The 2016 notebook includes notes, quotes, and newsworthy tidbits of what potential presidential candidates are doing and have done that could be significant to 2016. It will run occasionally on Fridays on First Read between now and when candidates actually start declaring.
Former First Lady and Secretary of State Hillary Clinton is more popular than almost any political figure in Washington over the past four years. And that's exactly why Democrats think Republicans are going so hard after Benghazi.
"It's obvious it's an attempt to embarrass President Obama and embarrass Hillary Clinton," Majority Leader Harry Reid (D-NV) told Capitol Hill reporters. He added, “I mean, most everyone knows, if she wants to run for president, she's going to get that nomination.”
Sen. Dick Durbin (D-IL) made a similar point on CBS's Face the Nation Sunday. "This has been caught up in the 2016 presidential campaign, this effort to go after Hillary Clinton," Durbin said.
Former Obama adviser David Axelrod told MSNBC’s Morning Joe also went there. "I really view the Benghazi flare-up right now as throwing a high hard one at Hillary Clinton to try and dissuade her from running for president," he said.
For his part, House Oversight Committee Chairman Darrell Issa insisted on Meet the Press Sunday that simply was not the case. "Hillary Clinton's not a target,” Issa said of his committee's investigation.
Still, there was plenty of criticism of the Clinton, the likely 2016 Democratic front-runner if she runs, from others, as First Read noted May 9. Lindsey Graham also this week said if Clinton were “in the military, she wouldn’t be promoted.” And opponents are readying a scandal-filled movie about her life.
Rand Paul, another likely 2016 candidate who told Clinton she should have been fired during questioning, said this on FOX: "It sounds like Hillary Clinton’s fingerprints are all over these talking points. And really her resignation was a beginning, but she never really accepted culpability, and I think she really needs to accept culpability for this disaster.”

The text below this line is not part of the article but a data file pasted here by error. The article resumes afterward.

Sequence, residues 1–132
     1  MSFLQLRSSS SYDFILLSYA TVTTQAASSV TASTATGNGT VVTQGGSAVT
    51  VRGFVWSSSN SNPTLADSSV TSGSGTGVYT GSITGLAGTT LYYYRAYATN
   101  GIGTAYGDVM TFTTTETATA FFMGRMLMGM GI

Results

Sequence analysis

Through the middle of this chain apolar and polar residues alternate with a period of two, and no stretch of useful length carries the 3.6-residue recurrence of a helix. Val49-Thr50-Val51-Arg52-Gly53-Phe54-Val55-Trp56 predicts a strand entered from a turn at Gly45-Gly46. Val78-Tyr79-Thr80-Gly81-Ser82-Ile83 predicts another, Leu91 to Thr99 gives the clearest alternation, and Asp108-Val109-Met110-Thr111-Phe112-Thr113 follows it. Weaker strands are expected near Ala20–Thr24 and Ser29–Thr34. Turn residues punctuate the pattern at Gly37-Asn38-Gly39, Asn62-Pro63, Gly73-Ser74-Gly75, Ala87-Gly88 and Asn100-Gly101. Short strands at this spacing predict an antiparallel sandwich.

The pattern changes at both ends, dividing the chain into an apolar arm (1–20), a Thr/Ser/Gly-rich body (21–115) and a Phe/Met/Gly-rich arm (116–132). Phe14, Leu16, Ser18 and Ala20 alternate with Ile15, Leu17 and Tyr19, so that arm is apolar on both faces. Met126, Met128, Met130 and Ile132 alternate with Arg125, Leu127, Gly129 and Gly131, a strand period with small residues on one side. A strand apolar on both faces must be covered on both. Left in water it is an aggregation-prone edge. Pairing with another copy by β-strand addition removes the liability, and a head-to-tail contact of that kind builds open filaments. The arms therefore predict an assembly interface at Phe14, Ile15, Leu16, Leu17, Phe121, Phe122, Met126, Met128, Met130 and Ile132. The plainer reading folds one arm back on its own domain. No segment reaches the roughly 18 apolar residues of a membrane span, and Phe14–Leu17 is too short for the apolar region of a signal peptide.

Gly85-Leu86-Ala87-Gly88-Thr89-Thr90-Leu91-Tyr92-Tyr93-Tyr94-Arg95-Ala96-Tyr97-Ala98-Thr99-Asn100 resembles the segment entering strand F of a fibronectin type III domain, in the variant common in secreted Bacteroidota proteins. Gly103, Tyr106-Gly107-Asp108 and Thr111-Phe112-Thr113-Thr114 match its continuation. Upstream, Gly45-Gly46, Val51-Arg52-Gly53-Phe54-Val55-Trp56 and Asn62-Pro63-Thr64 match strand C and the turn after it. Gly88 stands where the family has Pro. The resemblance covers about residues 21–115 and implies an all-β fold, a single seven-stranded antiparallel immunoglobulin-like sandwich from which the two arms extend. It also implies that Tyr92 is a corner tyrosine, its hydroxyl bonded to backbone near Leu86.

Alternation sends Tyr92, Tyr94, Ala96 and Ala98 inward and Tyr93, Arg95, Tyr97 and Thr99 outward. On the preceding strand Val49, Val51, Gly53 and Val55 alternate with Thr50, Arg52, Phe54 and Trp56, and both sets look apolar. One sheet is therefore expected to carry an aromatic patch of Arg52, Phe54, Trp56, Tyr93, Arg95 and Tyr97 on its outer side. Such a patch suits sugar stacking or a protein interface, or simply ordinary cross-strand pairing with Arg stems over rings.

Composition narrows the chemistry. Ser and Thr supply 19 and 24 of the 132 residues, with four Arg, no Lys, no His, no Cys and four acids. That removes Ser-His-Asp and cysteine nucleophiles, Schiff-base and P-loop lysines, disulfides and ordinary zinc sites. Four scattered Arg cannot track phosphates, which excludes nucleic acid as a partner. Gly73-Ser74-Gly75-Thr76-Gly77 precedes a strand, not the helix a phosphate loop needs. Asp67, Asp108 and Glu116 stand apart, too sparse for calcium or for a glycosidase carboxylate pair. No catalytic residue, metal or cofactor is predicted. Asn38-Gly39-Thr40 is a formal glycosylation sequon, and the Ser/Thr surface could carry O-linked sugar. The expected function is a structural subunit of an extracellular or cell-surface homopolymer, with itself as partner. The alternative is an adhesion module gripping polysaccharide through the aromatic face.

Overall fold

Yet Clinton continues to lead in 2016 hypothetical polls. A New England College poll showed her winning a New Hampshire Democratic primary 65%-10% over Vice President Joe Biden.
In that same poll, Marco Rubio, Jeb Bush, and Paul were all in a statistical dead heat.
Clinton also beats Rubio in Virginia, 51%-38%.
Clinton is a linchpin in many ways for 2016. Democrats know they have few other choices. Biden cannot be dismissed, but it's not helpful to his cause that he continues to be a punchline for late-night comics.
“Remember in the old days when President Obama's biggest embarrassment was Joe Biden?" quipped Tonight Show host Jay Leno.
Clinton not only leads, but is up by sizable margins over potential GOP rivals. Republicans have to take notice.
Other 2016 notes:
Speaking of Clinton, by the way, former Michigan Gov.-turned-TV-personality Jennifer Granholm lent her name to a draft Hillary group fundraising email.
Paul hit the op-ed circuit this week, going after President Obama. He went after the president in an one, calling the firing of the IRS acting commissioner “not enough. The executive branch has been aware of this scandal for nearly two years and now, only as a result of massive public pressure, the administration has found a scapegoat.”
He wrote another op-ed Thursday, in which he said, “Lincoln wrote that nearly any man can stand adversity, but if you want to test a man, give him power. I think Mr. Obama has failed that test of power. From the cover-up in Benghazi to letting the Internal Revenue Service (IRS) target the Tea Party to First and Fourth Amendment violations in obtaining records from the press, Mr. Obama has shown disregard for the Bill of Rights and his responsibilities as commander in chief.”
Paul, by the way, is going to New Hampshire Monday, headlining the first-ever -- and sold-out -- Liberty Dinner in Concord, N.H. with RNC Chairman Reince Priebus. It’s designed to merge factions of the GOP.
McClatchy looked at the preparations Biden has made to run in 2016. His 2012 financial disclosure was released. It showed that he took out a second home loan in two years, this one valued between $100,000 and $250,000. Biden’s net worth is between $239,000 and $867,000. He could have needed the home-equity line for his daughter’s June wedding reception which he hosted at his Delaware home.